Salvinia auriculata is a floating aquatic fern ideal for decorating fish and shrimp tanks. This plant requires minimal care, it is hardy and highly adaptable to varying water conditions.
Notable for its fast growth rate, Salvinia auriculata only needs abundant nutrients and lighting to grow vigorously and spread dense green mats on the surface of the water.
In this article, we will explain how you can cultivate, maintain, and care Salvinia auriculata in your aquarium.
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Quick Notes about Salvinia Auriculata
|Common Name||Salvinia auriculata|
|Other Names||African payal, Butterfly fern, and Eared watermoss|
|Tank Size (minimum)||10 gallons (40 liters)|
|Difficulty||Easy to Medium|
|Optimal Lighting||Moderate to high|
|Optimal pH||6.0 – 8.0|
|Optimal GH||3 – 18|
|Optimal Temperature||22 – 26 °C (72– 79°F)|
|Growth Rate||Moderate to fast|
|Placement in Tank
|Size||up to 3cm (1 inch)|
|Propagation||Vegetatively through fragmentation or by splitting|
Origin and Taxonomy of Salvinia Auriculata
Salvinia auriculata is an aquatic plant species known by the common names African payal, Butterfly fern, and Eared watermoss.
The plant belongs to Salviniaceae, a family of Heterosporous fern in the order Salviniales. This fern family comprises two genera, Azolla and Salvinia.
Salvinia auriculata is classified under Salvinia, named in honor of Anton Maria Salvini- a 17th-century Italian scientist. The genus contains 12 known species which are quite similar in morphology.
Habitat of Salvinia Auriculata
Salvinia auriculata is indigenous to tropical America, presently dominant in Argentina, Bolivia, Brazil, Colombia, Costa Rica, Ecuador, El Salvador, Honduras, Mexico, Panama, Paraguay, Peru & Venezuela.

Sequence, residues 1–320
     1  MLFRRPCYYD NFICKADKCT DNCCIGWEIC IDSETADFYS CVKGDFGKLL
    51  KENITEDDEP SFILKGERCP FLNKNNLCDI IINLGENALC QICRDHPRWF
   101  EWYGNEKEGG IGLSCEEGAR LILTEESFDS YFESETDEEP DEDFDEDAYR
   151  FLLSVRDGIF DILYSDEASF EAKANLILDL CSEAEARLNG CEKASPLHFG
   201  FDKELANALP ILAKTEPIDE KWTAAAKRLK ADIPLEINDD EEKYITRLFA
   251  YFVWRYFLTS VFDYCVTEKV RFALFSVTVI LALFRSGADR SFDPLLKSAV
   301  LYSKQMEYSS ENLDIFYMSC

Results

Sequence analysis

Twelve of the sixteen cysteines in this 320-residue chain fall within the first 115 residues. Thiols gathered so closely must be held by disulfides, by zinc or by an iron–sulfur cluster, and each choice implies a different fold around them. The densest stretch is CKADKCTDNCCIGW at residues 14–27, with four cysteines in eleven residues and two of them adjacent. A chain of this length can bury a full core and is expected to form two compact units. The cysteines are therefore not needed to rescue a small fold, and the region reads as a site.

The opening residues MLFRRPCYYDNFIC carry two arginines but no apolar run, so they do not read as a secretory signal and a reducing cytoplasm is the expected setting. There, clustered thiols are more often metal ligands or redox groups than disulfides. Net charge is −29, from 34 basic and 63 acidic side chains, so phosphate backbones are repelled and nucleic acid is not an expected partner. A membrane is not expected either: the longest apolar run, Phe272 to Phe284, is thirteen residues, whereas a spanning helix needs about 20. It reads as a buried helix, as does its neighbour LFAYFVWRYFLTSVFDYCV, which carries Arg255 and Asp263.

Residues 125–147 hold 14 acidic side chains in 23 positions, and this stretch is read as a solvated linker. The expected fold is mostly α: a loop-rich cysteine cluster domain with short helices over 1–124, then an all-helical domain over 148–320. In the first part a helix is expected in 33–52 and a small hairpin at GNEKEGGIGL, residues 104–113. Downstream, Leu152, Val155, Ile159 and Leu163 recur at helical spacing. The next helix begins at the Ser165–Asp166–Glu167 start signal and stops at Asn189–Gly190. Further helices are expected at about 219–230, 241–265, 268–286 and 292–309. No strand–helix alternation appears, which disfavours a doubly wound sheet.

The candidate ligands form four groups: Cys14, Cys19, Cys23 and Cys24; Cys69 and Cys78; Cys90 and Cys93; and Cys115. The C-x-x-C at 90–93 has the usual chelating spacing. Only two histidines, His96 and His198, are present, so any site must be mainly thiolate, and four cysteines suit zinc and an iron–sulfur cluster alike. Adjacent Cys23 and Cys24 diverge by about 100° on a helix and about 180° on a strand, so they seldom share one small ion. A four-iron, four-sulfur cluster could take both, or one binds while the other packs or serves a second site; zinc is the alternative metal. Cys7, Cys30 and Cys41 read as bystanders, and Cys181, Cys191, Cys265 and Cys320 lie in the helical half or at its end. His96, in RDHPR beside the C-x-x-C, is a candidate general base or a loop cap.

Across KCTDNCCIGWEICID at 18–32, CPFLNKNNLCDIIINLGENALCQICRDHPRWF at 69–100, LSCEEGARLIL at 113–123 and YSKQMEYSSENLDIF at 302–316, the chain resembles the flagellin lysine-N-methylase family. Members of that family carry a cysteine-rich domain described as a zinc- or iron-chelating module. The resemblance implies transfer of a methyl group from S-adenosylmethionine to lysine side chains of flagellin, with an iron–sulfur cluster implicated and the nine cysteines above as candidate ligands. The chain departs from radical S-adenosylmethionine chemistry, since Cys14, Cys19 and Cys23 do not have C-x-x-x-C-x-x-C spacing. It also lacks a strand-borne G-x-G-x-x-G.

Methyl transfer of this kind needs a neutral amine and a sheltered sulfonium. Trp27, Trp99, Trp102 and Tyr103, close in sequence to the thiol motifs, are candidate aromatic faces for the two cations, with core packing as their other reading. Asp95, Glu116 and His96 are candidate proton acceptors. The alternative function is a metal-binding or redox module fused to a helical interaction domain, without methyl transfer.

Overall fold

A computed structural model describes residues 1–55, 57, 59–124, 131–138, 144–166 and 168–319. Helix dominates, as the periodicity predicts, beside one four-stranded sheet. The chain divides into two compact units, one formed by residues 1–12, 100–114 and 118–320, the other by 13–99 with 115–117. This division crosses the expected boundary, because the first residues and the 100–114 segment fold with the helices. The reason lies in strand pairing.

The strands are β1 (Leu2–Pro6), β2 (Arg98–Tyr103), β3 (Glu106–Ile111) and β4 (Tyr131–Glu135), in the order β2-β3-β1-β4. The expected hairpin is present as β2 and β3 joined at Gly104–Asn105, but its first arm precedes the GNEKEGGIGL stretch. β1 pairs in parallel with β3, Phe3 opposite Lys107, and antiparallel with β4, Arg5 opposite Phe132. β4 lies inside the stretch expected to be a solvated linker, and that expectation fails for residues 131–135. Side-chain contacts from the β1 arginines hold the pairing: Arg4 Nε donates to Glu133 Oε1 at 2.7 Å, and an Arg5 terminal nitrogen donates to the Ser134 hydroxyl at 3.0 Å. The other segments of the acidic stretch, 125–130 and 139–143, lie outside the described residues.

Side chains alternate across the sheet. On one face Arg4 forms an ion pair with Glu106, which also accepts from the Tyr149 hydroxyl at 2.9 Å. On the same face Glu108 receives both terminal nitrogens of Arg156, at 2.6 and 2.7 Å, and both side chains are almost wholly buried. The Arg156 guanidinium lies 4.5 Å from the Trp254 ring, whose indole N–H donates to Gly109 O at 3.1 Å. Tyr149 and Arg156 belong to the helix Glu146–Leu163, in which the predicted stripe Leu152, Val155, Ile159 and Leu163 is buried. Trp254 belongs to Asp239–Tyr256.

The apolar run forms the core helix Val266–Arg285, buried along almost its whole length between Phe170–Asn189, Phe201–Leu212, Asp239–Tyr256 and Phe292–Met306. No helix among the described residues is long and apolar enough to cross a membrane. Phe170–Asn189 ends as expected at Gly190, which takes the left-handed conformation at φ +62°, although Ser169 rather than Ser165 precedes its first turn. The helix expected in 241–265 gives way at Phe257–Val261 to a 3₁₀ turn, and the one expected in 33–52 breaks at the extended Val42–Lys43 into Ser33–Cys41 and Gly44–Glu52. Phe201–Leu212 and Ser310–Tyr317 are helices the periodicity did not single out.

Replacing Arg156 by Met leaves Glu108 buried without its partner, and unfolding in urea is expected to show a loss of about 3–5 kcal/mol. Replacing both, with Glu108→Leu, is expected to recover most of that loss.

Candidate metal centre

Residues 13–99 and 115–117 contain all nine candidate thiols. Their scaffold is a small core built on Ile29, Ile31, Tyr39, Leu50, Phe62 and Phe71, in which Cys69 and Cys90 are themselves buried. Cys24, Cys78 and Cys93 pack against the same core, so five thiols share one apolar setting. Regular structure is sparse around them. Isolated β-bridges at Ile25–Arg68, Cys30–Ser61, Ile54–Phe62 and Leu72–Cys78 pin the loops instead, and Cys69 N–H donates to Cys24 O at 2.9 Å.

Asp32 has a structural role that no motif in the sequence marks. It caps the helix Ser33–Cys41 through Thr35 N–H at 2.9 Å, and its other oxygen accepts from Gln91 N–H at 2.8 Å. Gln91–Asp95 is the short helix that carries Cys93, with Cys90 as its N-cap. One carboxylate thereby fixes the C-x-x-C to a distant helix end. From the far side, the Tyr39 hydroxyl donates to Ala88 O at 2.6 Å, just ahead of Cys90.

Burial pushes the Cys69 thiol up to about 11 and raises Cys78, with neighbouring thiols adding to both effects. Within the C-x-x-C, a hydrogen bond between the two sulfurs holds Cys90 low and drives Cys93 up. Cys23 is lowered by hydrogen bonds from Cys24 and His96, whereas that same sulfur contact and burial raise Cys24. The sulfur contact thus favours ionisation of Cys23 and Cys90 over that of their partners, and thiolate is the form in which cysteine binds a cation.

This species has been introduced and can be found naturalized in other parts of the world as an ornamental plant.
This free-floating fern inhabits still and slow-moving waters ranging from lakes, ponds, rivers, marshes, swamps, ditches, reservoirs, and rice fields.
The plant is highly competitive! It can displace native plants and animals, grows rapidly, and capable of blocking canals and waterways.
Moreover, Salvinia auriculata is listed as an invasive species in countries like Cuba, Dominican Republic, Taiwan, Zambia, and Zimbabwe.
It thrives best in nutrient-rich warm water and tolerates mild temperate conditions, occasional frost, and low salinity levels.
Description of Salvinia Auriculata
It features numerous leaves that are arranged in whorls of three. Out of these three leaves, two are floating (often 1 – 3 cm or ½ – 1 inch in size), while one stays submerged.
The floating leaves are densely covered with fine protective, egg-beater shaped hairs, and the third leaf in each whorl is modified to form a finely divided root structure of about 1 – 2 inches (2.5 – 5 cm).
The plant undergoes changes in morphology or diverse growth forms depending on environmental conditions. These are primary, secondary, and tertiary growth forms.
Floating leaves of the primary form are flat, well-spaced, oval with slightly lobed bases. On the other hand, leaves of the tertiary form are densely crowded and tightly folded upwards along the mid-vein whereas floating leaves of the secondary form are intermediate to the primary and tertiary forms.
Salvinia auriculata lacks true roots and depends on the hair-like projections of the submerged leaves to function as root. The submerged leaves also bear spore-producing structures known as sporocarps.
Note: Sometimes this plant is confused with Salvinia natans, which, in turn, is practically not used in the aquarium hobby, since it belongs to annual plants.
Tank Requirements and Water Parameters
Salvinia auriculata can be kept in tanks of varying sizes and depths since it floats on the water surface.